Currently assigned to the 1100-1900 shift for approximately six months. Duties include providing lunch relief and relieving day shift scrub technicians in suites designated by OR Supervisor. Other duties include standing by for incoming emergency trauma patients, pulling cases for either add on or the next day procedures, putting away bulk supplies and restocking in Central Storage, keeping Center Core area free of excess case carts and equipment, helping turn-over rooms and helping circulators prepare and begin procedures.
I was previously assigned to the evening shift 1430-2300 and have scrubbed all types of OR procedures at RRMC including trauma (gun shot, stabbing, I-35 auto/motorcycle and boating accidents), orthopedics, neurosurgery, general surgery, plastics, urology, ENT, GYN and opthamology trauma.
As a senior surgical technician I am always finding myself teaching and helping less experienced technicians with the complicated and intimidating neurosurgery service with the emphasis in "crash crani's" and I have helped three fellow technicians to date who are now comfortable with scrubbing a craniotomy procedure.
Transferred to National Naval Medical Center (NNMC) as my last USN duty station and was assigned as the Ambulatory Surgery Center Leading Petty Officer (LPO). My duties included: ordering surgical and office supplies for the clinic and I was in charge of four junior surgical technicians and was responsible for their daily assignments and quarterly/yearly evaluations.
Upon 2003 "Operation Iraqi Freedom" (OIF), I was assigned to the hospital ship USNS COMFORT with 750 medical personnel from NNMC. My duties were as a Senior Surgical Technician in charge of fifteen personnel on the second shift OR crew. This operation turned into a humanitarian mission for the injured Iraqi people who were not "combatants". I do not recall the total number of surgical procedures performed while on station in the Persian Gulf, but the inpatient number rarely dropped below 1000, the ships bed capacity.
When the mission was completed, I was reassigned as the LPO in charge of the NNMC neurosurgery service upon our return stateside. I was in charge of five surgical technicians who like myself were trained in neurosurgery techniques. My duties included daily assignments, evaluations and training new technicians entering our service. Ordering consumable neuro supplies as well as instrumentation and coordinating with the neurosurgeons of upcoming surgical procedures requiring specialized equipment was also one of my responsibilities.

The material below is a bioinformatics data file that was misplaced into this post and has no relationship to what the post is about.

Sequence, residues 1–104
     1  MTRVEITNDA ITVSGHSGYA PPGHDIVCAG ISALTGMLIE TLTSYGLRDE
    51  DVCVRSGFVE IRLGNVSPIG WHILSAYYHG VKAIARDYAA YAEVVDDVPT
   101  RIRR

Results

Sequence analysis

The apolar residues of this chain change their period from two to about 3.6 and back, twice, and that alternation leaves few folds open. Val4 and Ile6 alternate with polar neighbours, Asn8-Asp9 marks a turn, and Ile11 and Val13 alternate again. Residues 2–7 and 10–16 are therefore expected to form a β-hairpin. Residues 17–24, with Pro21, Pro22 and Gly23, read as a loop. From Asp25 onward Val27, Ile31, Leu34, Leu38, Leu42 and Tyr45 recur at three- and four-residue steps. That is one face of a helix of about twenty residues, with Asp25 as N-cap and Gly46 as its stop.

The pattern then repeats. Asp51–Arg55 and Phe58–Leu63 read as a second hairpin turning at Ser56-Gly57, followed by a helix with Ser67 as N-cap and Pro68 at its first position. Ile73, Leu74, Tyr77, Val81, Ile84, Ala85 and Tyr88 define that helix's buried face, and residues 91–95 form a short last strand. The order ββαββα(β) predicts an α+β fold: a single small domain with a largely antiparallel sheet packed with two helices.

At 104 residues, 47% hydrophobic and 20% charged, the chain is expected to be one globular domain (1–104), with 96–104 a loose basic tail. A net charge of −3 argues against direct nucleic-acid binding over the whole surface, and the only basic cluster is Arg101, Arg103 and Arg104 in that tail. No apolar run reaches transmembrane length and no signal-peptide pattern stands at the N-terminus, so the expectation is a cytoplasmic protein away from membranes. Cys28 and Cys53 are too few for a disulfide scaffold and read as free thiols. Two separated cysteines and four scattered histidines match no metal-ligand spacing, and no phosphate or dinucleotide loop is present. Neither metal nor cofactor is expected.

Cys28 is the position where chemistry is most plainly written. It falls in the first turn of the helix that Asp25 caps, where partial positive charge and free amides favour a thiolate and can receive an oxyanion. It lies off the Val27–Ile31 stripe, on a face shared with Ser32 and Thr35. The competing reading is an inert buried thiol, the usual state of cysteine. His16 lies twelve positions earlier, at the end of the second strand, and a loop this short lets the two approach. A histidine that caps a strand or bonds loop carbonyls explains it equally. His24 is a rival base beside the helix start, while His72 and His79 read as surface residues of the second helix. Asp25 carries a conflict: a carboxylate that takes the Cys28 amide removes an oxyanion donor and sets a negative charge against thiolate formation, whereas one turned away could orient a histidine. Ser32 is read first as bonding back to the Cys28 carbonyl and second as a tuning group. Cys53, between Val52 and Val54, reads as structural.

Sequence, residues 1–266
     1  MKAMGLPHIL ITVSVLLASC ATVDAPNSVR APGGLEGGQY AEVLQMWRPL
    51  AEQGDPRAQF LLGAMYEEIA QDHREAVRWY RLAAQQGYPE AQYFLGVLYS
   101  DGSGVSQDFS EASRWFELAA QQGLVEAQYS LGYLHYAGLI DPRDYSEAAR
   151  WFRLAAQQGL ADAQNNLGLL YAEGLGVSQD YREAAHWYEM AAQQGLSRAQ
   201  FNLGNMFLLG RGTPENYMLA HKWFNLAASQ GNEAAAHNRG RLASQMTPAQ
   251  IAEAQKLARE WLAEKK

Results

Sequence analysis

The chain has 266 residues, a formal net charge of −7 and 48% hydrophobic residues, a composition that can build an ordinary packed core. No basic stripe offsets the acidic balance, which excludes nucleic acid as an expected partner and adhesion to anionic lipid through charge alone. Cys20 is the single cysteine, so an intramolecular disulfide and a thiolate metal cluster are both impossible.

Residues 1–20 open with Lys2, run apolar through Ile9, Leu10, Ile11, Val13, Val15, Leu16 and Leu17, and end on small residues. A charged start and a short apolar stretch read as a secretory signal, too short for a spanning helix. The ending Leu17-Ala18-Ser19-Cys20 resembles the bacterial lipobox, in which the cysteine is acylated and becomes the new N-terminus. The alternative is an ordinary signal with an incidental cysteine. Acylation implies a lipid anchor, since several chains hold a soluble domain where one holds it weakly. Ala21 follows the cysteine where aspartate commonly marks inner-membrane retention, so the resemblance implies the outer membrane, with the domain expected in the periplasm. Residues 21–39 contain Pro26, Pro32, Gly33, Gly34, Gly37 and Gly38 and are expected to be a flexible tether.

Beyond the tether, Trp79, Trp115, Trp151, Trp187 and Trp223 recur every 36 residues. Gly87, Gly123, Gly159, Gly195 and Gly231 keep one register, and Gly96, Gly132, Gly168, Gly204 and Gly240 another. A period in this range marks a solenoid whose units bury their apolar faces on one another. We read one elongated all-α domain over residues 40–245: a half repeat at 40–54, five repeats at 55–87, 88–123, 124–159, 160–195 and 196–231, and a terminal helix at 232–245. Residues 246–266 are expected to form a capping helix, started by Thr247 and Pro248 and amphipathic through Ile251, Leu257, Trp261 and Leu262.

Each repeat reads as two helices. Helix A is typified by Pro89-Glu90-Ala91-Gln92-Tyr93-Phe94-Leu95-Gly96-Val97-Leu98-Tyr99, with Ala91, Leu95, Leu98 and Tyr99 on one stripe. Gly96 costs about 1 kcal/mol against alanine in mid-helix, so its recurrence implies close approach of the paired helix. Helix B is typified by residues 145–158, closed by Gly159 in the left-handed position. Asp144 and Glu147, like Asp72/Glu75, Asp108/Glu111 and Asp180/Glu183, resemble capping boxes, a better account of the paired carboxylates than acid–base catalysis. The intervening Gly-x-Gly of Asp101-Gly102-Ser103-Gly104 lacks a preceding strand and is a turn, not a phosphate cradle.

As NNMC began receiving more and more OIF casualties, our workload increased dramatically to the point of all elective surgeries were suspended in order to take care of our injured Marines who were arriving at Andrew Air Force base within 24 hours of their injuries. Everyone (medical students from the area, civilian Doctors and Nurses were brought on-board to help) scrubbed and circulated these procedures. As one of the Senior Tech's our responsibility was to of course scrub but also help coordinate the staff and distribute supplies to the OR rooms. Thankfully that scenario did slow down and thankfully it was time to retire from a very fulfilling and traumatic time in my career.
This duty station consists of a team of medical personnel whose job it is to prepare and supplement the Medical Department onboard the Marine Amphibious Carriers before and during the overseas deployment. Was awarded my fourth Navy Achievement Medal (NAM) for exemplary preparation of USS WASP LHD-1 surgical suites and surgical instrument sets and for scrubbing and first assisting that enabled a mass casualty situation involving crew members that required extensive surgery while transiting the Atlantic ocean to be performed flawlessly. Member of FST-4 Surgical Response Team temporarily assigned to the Naval Medical Clinic Bahrain as medical support after the USS COLE DDG-67 disaster. As part of a community outreach on the island of Bahrain our surgical team interacted with the Bahrain Defense Force Military Hospital staff and my fellow surgical tech and I scrubbed twelve different orthopedic and general surgery procedures over a four day period. Wonderful experience for all. In 2002 received my fifth NAM while deployed onboard USS BATAAN LHD-5 for demonstrating extraordinary surgical organizational skills in support of 2001"Operation Enduring Freedom" while on station in the Indian Ocean for trauma surgical procedures performed on nine injured Northern Alliance patients(friendly fire) constituting over twenty hours of continuous hours of surgery.
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